Thursday, January 08, 2009

Early Dutch Hawaiian Jazz in the 1920s

Early Dutch Hawaiian Jazz in the 1920s (English) De eerste Hawaii-muziek in Nederland in de jaren twintig. (Nederlands)
De bovenstaande jongelieden vormen tezamen een Hawaiian kwartet, dat ons op den uitzendavond van a.s. Dinsdag een aantal dier zoetvloeiende melancholische wijzen zal laten hooren die hun oorsprong heeten te hebben op zwoelwarme eilanden van den Honolulu-Archipel. ( = The boys above, belong to a Hawaiian Quartet, that will bring us next Tuesday during a radio broadcast a few sweet melancholy tunes, that has its sources on sultry-hot islands of the Honolulu Archipelago. ) Fragment from the Radio Luistergids first of May, 1925 about the Dutch Hawaiian Kwartet.
Early Dutch Hawaiian Jazz in the 1920s
Hans Koert

A few months ago, Jo sent me a compilation, most in the Hawaiian style, with early ukulele tunes, he had downloaded from the internet. The compilation had a cover picture of the sheet music of the song Ukulele Lady. This song was composed by Gus Kahn and the words were made by Richard Whiting in 1925.
It's a tune, easy on the ear, easy to play and to sing. Mind, that another tune, Ukulele Baby was composed by Meskil - Rose - Bloom and Sherman and is a complete different song, although popular in the same period as Ukulele Lady. I have the Abe Lyman version of May 1925. In those days Hawaiian music became rather popular in the States, although the real hype was in the 1930s up to the 1950s. Hawaii was a colony of the US since the late 1800s and Hawaiian Hula girls and musicians visited with vaudeville groups the States and brought their hawaiian rhythms and instruments, like the Hawaiian guitar and the ukulele to the States.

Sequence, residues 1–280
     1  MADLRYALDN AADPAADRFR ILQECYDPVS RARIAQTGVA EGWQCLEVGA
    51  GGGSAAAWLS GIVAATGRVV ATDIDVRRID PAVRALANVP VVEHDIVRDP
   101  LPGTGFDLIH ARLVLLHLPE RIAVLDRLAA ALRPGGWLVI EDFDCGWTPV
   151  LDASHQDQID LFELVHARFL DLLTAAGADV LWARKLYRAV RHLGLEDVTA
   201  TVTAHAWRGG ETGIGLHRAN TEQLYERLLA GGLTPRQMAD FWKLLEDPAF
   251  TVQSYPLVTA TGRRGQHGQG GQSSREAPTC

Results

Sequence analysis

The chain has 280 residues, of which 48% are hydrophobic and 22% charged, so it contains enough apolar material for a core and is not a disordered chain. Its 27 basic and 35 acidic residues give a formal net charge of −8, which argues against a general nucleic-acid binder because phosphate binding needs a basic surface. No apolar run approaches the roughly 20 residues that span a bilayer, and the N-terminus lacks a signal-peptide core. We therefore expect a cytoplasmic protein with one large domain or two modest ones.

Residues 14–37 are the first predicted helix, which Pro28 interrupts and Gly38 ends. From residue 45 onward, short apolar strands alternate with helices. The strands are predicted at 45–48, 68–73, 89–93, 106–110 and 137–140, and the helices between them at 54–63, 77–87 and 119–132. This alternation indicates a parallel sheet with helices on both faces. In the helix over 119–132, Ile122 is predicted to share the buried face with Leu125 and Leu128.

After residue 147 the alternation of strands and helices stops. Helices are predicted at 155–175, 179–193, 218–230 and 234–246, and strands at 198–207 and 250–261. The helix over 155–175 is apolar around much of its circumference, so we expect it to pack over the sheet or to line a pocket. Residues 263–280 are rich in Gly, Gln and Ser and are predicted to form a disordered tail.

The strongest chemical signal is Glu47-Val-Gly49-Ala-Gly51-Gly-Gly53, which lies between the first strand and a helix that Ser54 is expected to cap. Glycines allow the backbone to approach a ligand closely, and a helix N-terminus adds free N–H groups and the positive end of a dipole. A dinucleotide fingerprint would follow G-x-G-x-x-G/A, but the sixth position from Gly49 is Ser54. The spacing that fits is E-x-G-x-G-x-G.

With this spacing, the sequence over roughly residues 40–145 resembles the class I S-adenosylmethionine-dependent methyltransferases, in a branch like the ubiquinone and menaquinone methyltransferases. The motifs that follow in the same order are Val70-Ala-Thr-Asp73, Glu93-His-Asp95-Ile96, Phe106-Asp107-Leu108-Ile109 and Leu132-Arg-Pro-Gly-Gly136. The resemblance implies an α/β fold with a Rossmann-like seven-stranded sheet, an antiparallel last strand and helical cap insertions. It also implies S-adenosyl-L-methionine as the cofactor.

The ukulele became a handy-sized instrument in dance bands, vaudeville acts and string bands. Also the sunny, warm, tropical climate - the beaches, palm trees and not to forget, the girls ..... were great subjects to sing about. It is said that Hawaiian music became a very popular subject to sing and dream about, in periods like the Great Depression and during the Second World War.
Enjoy one of the earliest recorded versions of the song:

Ukulele Lady by Vaughn DeLeath ( 6th of April 1925) (Columbia)
This tune became very popular and was recorded a dozen times in the first half of 1925 for most record labels. You can find here a
(selected) discography of 1925 Ukulele Lady recordings in my collection.
The first European recording date for this Ukulele Lady, as far as I know, is from Londen, the 14th of December, 1925 ( for Columbia (France)) by Jean Wiener and Clement Doucet, two piano players. Jazz and Hawaiian music have a lot common elements and they fecundated each other. In the mid 1930s Louis Armstrong recorded some Hawaiian songs and Sol Hoopii brought jazz elements to Hawaii. And who doesn't remember the Laurel and Hardy film Sons of the Desert with a great fragment of the comic duo singing Honolulu Baby or what about this more contemporary Muppets version?

I wondered how Hawaiian music became popular in our country, The Netherlands. I found, several years ago, a great book titled Haring & Hawaii - subtitled Hawaiianmuziek in Nederland (1925-1992) by Lutgard Mutsaers (1992) and the subtitle suggests that it all started in 1925 too, the year Ukulele Lady was a hit in the States.
The Hawaiian band Insulinde (February 1925)